67 Africans trying to invade Europe via the Mediterranean Sea have been landed and arrested in Italy after launching a mutiny and threatening their white rescuers with violence—because they thought they were being taken back to Africa, Italian media have reported.
The Africans were picked up off the Libyan coast by the private supply vessel Vos Thalassa over the past weekend after their invasion craft ran into difficulties and sent out a distress signal—which is usually picked up by one of the fake charity ships, who then normally give the invaders a free ride into Europe.
Once aboard the Vos Thalassa, the African invaders—realizing that this was not a fake charity ship and that there was no guarantee that they would be taken to Europe—then launched a mutiny against the ship’s crew in an attempt to force them to go to Europe.
Reports said that the crew of the Vos Thalassa were forced to lock themselves in the control room and themselves call for help after being attacked by the Africans who had decided—apparently with the aid of GPS-enabled mobile phones—that the boat was heading back to Libya.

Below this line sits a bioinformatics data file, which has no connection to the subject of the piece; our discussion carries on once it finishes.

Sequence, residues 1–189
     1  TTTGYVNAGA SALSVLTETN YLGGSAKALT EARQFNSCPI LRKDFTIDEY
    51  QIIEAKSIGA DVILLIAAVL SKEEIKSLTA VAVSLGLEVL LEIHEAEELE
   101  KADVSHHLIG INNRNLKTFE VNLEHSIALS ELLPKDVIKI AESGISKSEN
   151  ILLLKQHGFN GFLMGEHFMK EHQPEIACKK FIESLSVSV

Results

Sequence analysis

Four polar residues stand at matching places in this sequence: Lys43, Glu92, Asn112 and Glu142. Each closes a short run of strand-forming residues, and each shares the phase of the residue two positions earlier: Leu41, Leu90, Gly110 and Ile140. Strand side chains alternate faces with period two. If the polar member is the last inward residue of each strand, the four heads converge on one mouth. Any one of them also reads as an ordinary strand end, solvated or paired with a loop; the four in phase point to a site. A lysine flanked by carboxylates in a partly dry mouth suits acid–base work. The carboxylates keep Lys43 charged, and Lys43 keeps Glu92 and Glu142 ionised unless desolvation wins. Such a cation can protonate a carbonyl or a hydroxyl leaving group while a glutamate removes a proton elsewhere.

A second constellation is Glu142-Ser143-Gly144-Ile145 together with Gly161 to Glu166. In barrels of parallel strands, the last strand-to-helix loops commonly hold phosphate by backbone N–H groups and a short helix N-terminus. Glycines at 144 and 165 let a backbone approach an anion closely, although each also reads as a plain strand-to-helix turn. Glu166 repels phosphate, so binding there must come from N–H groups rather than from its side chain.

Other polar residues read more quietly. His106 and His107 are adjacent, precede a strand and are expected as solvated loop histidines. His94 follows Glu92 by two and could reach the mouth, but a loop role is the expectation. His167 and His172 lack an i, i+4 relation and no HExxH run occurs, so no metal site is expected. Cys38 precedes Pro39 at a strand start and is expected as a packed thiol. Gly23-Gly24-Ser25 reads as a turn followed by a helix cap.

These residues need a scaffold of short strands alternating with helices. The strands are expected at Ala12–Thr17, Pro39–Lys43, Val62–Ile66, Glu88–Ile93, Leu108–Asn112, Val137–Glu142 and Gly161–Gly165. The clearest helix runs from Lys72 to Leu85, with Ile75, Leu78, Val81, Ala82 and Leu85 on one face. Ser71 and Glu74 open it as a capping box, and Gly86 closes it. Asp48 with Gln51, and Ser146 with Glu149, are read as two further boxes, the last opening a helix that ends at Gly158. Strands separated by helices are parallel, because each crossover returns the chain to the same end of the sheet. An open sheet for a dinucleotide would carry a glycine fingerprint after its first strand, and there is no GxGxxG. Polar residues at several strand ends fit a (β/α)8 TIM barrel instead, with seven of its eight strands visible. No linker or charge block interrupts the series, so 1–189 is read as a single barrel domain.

An Italian coast guard ship, the Diciotti, then came to the Vos Thalassa’s aid, and after boarding the vessel, subdued the Africans and took them aboard.
Italian Minister of the Interior Matteo Salvini — who has authority over the nation’s ports — initially refused to allow the Diciotti to dock, despite previously saying that ports would remain open for Italian naval and coast guard ships carrying migrants.
“If there was violence [on board the Vos Thalassa], the perpetrators will go to prison and if there was no violence, because someone lied, then they [those who supposedly lied] will suffer the consequences,” Salvini said.
Salvini has banned the fake charity invasion boats operating in the Mediterranean Sea from docking in Italy, correctly accusing them of aiding human traffickers to bring the illegal Africans to Europe.
After negotiations within the Italian government, that country’s Prime Minister Giuseppe Conte said the Africans would be allowed to land in Italy from the Diciotti once identification procedures had been achieved “in particular for those who may have committed a crime.”
The standoff was resolved after a call in the afternoon from Italian President Sergio Mattarella to Conte, Italian media reported.
The case of the Diciotti has also highlighted tensions within Italy’s coalition government, which includes Salvini’s League party and the Five Star Movement, whose left fringe is opposed to the closing of Italian ports.